Usually when I look at the as tested price of one of the vehicles I am reviewing I think to myself “they want that much?” This time, however, I was shocked at how little Hyundai was charging. For a little over $21,000 you get air conditioning, power windows, power door locks, 17-inch alloy wheels, a 2.4 liter 4-cylinder engine, a 6-speed automatic, XM satellite radio, Bluetooth, USB/iPod integration, AM/FM/CD player with six-speakers, a tilt/telescoping steering wheel (a rarity), keyless entry, a roof rack, a subtle liftgate spoiler and much more.
If you want all-wheel drive that will add $1,650 to the sticker price but oddly enough even my front wheel drive tester had hill descent control. A lot of all-wheel drive SUVs don’t even offer that feature. In addition to all of this you have Hyundai’s excellent 10 year warranty package for the powertrain.
Fuel economy is also quite impressive with 22 city/31 highway according to the EPA. During a week of testing I averaged a little over 26 miles per gallon. I remember when economy cars used to average 26 miles per gallon in the real world. The 14.5 gallon fuel tank may not be huge but with fuel economy like that you still are left with a decent cruising distance.
SUVs are never as fun to drive as cars but that is a universalism I have never found to be disproven among the many, many variants I have driven. I don’t care if you call it a crossover, if it is tall and has a hatch it is an SUV. The rest is just marketing jargon.
But in the echelon of family SUVs the 2011 Hyundai Tucson marks itself out as a bright, shining star. The steering is light for easy maneuverability but it never feels numb like so many Toyota systems. A lot of SUV power steering racks nowadays confuse heaviness with feel but from behind the wheel of the Tucson you always feel in complete control.
Body roll is kept in decent check but you never want to tackle a tight freeway off-ramp at 90 miles per hour in an SUV anyway. Not that I would ever do that. Given the Tucson’s small size, it is amazing at how well it handles the ruts, bumps and road irregularities inherent to most Southern California freeways. Wind and road noise are also nicely muted for a vehicle of this size and price.
The 2.4 liter 176 horsepower/168 lb. feet of torque 4-cylinder feels plenty powerful loaded up with 3 passengers and a dog as the 6-speed automatic is very good at keeping the engine in its optimal powerband. The 6-speed automatic is one of Hyundai’s designs and it is one very smooth operator. Kudos to Hyundai.
While the 2.4 liter 4-cylinder has enough power for freeway passing maneuvers it is still buzzier and less refined than the four banger used in Honda’s CR-V. Engine noise at high RPMs is really the only thing holding back the 2011 Hyundai Tucson from class leader status. At cruising speeds, however, the engine in the Tucson settles down into a muted thrum.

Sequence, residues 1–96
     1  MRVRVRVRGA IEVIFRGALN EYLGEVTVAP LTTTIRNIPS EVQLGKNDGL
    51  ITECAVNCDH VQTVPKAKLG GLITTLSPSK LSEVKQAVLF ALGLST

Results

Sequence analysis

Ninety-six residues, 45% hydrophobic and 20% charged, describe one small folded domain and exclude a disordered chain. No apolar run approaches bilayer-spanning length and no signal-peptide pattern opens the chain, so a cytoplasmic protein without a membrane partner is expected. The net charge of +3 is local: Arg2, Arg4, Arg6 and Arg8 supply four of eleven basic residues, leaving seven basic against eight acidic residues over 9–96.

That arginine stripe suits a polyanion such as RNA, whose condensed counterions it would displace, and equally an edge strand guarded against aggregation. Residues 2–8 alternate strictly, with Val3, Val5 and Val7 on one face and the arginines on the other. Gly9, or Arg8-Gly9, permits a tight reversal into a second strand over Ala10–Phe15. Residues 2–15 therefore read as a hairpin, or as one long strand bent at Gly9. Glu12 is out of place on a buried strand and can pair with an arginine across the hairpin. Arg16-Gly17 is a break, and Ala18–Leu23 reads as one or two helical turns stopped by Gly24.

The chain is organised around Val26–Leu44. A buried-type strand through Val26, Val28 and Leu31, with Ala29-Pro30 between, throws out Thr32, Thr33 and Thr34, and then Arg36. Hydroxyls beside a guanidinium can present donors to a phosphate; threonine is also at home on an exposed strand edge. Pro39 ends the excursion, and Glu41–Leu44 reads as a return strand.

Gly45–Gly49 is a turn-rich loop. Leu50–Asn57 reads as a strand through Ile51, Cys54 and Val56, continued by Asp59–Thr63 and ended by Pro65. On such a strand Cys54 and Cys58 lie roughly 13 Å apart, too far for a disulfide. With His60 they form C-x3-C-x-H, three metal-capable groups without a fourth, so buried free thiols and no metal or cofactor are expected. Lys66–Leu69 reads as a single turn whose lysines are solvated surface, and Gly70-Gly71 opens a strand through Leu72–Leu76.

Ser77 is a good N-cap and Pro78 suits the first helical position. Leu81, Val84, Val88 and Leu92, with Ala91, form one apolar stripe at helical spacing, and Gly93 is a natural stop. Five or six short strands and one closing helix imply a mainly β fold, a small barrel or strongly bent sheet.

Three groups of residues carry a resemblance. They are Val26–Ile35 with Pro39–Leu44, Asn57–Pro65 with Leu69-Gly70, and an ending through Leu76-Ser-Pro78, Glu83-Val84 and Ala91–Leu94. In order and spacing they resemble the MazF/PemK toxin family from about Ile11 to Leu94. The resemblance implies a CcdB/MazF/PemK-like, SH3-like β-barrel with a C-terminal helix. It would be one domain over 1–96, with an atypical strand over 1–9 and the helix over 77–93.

(Note: Due to California’s strict emissions regulations, models sold here have engines rated at 170 horsepower/163 lb. feet of torque. Also, a turbocharged version of this 4-cylinder engine is rumored for the Sportage and Tucson but that cannot be confirmed at the time of this writing.)
How Dog and Kid Friendly is It?
My test GLS model came with cloth/leatherette seats (read: cloth/vinyl) but don’t assume that since it doesn’t have leather the Tucson’s interior isn’t durable or easy to clean. Toyota uses a very similar cloth/leatherette material for the seats in the 2011 Toyota Sienna SE and that minivan is designed to withstand nuclear attack levels of familial destruction.
The cloth/leatherette material looks nice and helps accentuate the unique feel of the interior. Although it is essentially vinyl it does a very good impersonation of leather. Hence the name “leatherette” but I choose to call a spade a spade. The center section of the seats is also made from a very durable cloth material that appears difficult to stain and resistant to doggie claw marks.
The rear seats are also wide enough to accommodate two large breed sized dogs and attaching your dog to a pet safety harness is a snap thanks to a relatively low ride height and wide rear doors. This low ride height also makes it easier for older dogs to get in the Tucson and easier for moms to load heavy strollers into the cargo area.
(Note: See the end of this article for more info about dog safety harnesses.)
If you need/want a compact SUV that is family friendly, stylish and well built yet are on a strict budget, the 2011 Hyundai Tucson GLS really is your best choice. I may still think the CR-V has it topped for drivetrain responsiveness and performance but unless you have driven that Honda SUV you will never notice. Hyundai should be very, very proud of this SUV and I guarantee you will never regret buying a 2011 Tucson.
Vehicle Tested: 2011 Hyundai Tucson GLS (Front Wheel Drive)
Base Price: $21,845
Price as Tested: $22,740 (including destination)
Options on Test Model: Floormats–$100
Engine: 2.0 liter 4-cylinder engine
Power: 176 horsepower/168 lb. feet of torque
Transmission: 6-speed automatic
0-60: 9.5 seconds
Fuel Economy: 22 city/31 highway
Average Test Economy: 26.7 miles per gallon
Fuel Tank Size: 14.5 gallons
Runs on: Regular Unleaded
Cargo Area (behind second row): 25.7 cubic feet
(all seats folded): 55.8 cubic feet
Warranty: 5 years/60,000 mile bumper to bumper
10 years/100,000 mile powertrain
Safety Ratings (IIHS): “Top Safety Pick”
Vehicle Assembled in: Ulsan, South Korea
Vehicle Provided by: Hyundai Motor America
Automotive Pet Safety Info Provided By: BarkBuckleUp.com